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What Biden’s Infrastructure Plan Means for the Logistics & Transportation Industry

Logistics & Transportation are a vital part of any economy. From supply planning and analytics to over-the-road transport and final mile delivery, every aspect of business is affected by these business sectors. However, these sectors cannot perform at maximum efficiency without a modern, robust, and functional infrastructure around them. 

Infrastructure has long been a focal point of debate for commercial, residential, and social reasons. When it comes to logistics and transportation, nearly everyone agrees that more infrastructure is better. 

With the Biden administration working hard on a bipartisan infrastructure bill totaling $2 trillion, this is the costliest infrastructure plan since the Federal-Aid Highway Act of 1956. With that, there are many implications for the logistics and transportation industry. 

What’s in the Bill?

Of the $2 trillion, approximately "$571 billion in additional transportation spending over current federal levels". This includes improvements to interstates, highways, and even local roads and bridges. Other funds will be allocated towards improving airports and railways (freight and passenger), as well as waterways and ports. Still other funds will be put towards electric vehicle incentives and disaster mitigation. 

There are plenty of concrete goals outlined in the plan. The administration promises that it will modernize 20,000 miles of highways and main streets, as well as fixing 10 most important bridges in the country, on top of 10,000 smaller bridges that need repair. 

The bill also aims to create a network of 500,000 electric-vehicle chargers by 2030. As the truck manufacturers begin to embrace electric and hybrid vehicles, this could be a major benefit for the industry in the coming years. 

What to Expect from the Bill

While the bill is still only a proposal, it seems to come closer to passing on a daily basis. The Biden administration will likely have to make some concessions to Republicans, who argue that some items, such as improvements to home health care, are not part of infrastructure. However, it is mostly agreed upon that the nation’s infrastructure does need improvement, and that it will be rather expensive.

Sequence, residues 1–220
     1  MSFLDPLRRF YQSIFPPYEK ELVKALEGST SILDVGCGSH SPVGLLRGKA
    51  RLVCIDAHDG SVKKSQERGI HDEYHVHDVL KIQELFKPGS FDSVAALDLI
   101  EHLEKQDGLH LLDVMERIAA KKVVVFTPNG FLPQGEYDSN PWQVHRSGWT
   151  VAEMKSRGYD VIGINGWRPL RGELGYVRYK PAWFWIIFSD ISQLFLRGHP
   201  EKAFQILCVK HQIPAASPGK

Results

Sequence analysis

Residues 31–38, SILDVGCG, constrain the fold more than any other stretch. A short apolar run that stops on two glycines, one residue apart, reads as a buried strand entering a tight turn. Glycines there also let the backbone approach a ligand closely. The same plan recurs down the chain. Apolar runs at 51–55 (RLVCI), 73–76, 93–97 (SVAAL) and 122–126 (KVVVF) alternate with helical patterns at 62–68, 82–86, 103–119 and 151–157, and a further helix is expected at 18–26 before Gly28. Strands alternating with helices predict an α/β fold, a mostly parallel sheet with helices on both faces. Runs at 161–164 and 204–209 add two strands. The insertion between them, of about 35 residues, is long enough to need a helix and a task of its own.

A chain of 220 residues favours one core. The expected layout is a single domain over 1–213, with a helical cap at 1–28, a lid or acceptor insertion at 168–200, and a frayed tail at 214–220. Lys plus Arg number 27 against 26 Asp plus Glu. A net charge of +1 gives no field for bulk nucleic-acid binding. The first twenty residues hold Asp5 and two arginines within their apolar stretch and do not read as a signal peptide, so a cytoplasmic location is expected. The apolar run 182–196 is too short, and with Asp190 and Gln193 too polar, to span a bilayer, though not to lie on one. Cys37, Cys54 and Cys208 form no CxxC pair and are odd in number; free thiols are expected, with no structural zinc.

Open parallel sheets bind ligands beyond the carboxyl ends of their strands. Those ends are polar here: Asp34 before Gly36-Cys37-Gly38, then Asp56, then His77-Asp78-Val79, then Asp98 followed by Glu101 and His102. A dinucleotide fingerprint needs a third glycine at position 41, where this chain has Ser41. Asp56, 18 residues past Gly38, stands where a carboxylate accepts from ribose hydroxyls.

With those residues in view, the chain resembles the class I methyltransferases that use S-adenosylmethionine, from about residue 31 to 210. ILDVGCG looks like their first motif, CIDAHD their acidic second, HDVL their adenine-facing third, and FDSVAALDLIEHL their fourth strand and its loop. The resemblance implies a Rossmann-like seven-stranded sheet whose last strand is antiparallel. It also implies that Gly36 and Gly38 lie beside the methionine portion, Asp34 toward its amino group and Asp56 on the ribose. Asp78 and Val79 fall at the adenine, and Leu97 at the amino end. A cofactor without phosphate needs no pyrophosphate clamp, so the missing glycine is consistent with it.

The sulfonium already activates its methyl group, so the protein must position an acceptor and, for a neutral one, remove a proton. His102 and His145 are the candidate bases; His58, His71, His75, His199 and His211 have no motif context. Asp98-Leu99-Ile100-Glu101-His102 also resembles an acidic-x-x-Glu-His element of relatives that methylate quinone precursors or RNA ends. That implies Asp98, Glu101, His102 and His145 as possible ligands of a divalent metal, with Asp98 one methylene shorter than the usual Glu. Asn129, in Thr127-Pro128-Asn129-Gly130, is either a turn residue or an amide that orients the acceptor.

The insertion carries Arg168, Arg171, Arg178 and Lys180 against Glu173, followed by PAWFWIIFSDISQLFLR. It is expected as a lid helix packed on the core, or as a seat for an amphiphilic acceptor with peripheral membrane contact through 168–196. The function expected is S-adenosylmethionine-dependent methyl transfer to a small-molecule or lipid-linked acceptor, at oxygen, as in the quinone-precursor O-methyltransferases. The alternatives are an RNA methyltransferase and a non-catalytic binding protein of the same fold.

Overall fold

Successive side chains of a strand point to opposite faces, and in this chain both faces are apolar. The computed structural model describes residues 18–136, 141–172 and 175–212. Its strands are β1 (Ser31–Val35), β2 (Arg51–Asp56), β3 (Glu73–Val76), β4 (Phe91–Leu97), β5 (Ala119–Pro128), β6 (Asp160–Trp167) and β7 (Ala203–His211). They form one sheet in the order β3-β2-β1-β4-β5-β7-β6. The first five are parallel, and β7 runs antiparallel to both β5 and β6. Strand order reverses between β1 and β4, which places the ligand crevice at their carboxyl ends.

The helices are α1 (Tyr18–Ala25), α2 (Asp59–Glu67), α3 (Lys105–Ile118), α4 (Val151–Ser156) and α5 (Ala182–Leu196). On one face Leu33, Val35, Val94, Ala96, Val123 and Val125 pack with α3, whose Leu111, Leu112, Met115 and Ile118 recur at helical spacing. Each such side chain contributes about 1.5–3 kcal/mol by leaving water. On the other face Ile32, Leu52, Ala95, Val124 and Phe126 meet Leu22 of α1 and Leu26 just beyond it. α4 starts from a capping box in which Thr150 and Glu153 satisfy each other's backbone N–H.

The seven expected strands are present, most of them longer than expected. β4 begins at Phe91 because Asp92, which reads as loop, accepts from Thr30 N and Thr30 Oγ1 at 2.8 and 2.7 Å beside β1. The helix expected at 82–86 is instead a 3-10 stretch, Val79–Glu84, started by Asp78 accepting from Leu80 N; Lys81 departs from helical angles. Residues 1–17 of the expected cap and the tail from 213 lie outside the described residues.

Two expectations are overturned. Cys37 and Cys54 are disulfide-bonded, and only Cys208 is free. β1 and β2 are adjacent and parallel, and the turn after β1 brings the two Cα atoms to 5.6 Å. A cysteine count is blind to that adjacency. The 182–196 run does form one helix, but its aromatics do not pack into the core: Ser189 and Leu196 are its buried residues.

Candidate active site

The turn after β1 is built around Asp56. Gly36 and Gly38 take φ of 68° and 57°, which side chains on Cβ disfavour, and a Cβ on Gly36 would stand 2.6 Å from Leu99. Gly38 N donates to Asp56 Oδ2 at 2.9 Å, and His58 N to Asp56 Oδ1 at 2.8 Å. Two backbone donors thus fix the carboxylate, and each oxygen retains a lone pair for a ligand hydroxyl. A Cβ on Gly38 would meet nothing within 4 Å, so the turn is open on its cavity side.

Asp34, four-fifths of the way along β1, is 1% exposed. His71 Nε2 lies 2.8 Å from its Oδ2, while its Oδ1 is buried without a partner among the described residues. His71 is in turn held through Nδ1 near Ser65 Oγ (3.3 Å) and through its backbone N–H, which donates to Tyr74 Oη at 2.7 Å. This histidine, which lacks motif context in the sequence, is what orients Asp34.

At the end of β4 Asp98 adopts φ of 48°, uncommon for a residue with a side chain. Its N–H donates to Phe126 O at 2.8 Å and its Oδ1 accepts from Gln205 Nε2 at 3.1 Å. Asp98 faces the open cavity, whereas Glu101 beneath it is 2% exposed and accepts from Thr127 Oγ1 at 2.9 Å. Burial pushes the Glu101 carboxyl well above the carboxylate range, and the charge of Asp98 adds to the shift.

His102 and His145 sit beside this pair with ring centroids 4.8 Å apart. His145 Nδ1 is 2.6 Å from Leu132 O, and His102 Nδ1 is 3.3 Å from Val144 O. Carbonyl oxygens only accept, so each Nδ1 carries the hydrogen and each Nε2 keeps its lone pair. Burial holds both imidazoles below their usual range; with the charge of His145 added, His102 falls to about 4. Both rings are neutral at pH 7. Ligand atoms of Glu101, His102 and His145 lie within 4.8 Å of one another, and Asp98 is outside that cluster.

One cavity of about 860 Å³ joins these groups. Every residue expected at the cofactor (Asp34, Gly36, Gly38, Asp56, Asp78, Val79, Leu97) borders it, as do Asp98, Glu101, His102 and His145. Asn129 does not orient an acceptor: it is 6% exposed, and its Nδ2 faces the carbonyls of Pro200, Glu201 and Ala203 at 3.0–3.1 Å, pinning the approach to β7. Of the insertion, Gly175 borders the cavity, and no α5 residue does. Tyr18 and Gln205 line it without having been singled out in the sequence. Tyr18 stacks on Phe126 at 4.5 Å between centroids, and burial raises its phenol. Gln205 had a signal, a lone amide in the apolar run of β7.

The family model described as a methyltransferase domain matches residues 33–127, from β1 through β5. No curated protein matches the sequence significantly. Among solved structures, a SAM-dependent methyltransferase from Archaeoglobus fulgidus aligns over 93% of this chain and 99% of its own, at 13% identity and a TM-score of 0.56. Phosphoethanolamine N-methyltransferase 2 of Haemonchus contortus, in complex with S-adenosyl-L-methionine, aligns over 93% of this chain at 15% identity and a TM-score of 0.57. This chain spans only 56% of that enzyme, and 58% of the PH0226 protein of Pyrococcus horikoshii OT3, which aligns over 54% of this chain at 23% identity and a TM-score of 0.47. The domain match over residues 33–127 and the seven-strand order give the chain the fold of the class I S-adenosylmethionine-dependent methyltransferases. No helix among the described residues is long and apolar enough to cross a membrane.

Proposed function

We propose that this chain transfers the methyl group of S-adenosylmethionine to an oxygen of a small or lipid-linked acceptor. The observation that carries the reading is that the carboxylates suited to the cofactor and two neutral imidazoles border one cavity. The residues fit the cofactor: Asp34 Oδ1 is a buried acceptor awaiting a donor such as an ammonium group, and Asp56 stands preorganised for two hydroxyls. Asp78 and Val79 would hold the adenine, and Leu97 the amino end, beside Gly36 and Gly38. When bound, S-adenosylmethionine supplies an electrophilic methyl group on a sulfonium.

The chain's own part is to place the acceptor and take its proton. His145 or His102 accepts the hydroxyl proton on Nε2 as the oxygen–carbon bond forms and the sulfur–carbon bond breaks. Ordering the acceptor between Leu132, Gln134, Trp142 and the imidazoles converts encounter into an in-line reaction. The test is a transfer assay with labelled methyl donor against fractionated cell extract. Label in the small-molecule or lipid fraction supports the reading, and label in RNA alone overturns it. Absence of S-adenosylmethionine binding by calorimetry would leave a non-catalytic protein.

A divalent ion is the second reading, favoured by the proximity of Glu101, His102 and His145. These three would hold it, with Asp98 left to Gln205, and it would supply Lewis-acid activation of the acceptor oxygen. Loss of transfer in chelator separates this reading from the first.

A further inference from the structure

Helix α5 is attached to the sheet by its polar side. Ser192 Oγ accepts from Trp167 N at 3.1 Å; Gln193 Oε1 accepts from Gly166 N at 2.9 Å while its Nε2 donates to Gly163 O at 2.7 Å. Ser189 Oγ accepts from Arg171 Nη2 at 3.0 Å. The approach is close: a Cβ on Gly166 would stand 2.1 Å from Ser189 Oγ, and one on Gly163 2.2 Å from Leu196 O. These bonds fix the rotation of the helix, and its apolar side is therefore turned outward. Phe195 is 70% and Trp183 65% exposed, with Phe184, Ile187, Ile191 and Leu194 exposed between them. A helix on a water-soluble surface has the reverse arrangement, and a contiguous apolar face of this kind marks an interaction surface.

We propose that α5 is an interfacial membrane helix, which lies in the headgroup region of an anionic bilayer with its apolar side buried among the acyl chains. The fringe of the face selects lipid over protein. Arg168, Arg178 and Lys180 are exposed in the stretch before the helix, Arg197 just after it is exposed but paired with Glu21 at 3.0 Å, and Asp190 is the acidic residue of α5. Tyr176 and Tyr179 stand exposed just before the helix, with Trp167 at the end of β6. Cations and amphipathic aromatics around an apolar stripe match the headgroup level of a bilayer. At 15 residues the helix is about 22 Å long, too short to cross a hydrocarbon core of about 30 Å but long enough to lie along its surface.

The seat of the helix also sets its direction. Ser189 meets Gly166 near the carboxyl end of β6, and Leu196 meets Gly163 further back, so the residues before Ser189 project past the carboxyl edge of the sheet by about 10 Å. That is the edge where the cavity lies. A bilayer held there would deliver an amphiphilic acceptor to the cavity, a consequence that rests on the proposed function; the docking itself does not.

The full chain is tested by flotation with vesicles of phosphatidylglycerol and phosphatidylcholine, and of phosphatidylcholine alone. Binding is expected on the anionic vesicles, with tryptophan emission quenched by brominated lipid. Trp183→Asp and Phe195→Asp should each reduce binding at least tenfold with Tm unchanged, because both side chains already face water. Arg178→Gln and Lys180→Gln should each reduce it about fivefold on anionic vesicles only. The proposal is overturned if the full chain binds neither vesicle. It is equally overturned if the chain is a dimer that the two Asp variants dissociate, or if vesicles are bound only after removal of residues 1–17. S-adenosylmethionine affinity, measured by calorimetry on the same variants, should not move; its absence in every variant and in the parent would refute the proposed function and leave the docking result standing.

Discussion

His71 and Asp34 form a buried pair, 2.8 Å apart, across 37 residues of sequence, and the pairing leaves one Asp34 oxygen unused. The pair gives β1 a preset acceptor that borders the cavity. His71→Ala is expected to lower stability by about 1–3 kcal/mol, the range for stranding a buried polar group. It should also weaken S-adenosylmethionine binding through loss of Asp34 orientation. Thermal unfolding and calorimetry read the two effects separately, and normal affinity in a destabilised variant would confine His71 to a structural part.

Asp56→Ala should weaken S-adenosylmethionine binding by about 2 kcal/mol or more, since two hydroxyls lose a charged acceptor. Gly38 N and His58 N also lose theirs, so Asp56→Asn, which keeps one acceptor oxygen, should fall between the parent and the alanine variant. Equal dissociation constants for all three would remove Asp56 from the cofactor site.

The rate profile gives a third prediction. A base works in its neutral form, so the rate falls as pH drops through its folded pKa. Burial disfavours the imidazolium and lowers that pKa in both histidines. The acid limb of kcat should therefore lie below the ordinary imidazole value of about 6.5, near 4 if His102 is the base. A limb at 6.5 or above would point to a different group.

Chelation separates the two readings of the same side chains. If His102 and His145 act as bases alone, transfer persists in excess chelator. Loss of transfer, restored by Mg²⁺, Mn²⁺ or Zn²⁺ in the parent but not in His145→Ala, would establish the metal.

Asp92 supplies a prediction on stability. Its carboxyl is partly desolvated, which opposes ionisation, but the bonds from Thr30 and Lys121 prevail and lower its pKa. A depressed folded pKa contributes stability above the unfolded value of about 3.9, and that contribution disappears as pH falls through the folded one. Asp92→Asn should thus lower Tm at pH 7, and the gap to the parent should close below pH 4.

No matter what concessions are made, it is highly likely that plenty of funding will be given to highways, roads, bridges, and even broadband internet. This means quite a bit for the transportation and logistics industries, who rely heavily on all of these to carry out their core functions. 

Improved roads mean less traffic and quicker travel times, allowing trucks to deliver shipments with greater efficiency. Delays caused by bridge outages or natural disasters will be reduced, and trucks won’t sustain as much damage due to sub-par roads and conditions. The delivery aspect alone is a big deal for an industry that has had to deal with antiquated infrastructure for decades. 

Even broadband coverage can be a major benefit, as back-office logistics workers and systems need 24/7 connectivity to perform their jobs optimally. Automated transportation management and load tendering systems will benefit from improved broadband, allowing the overall supply chain to run more smoothly. 

While there are plenty of valid concerns surrounding the infrastructure plan, the logistics and transportation industry should be satisfied with many of the items that will provide advantages for them.

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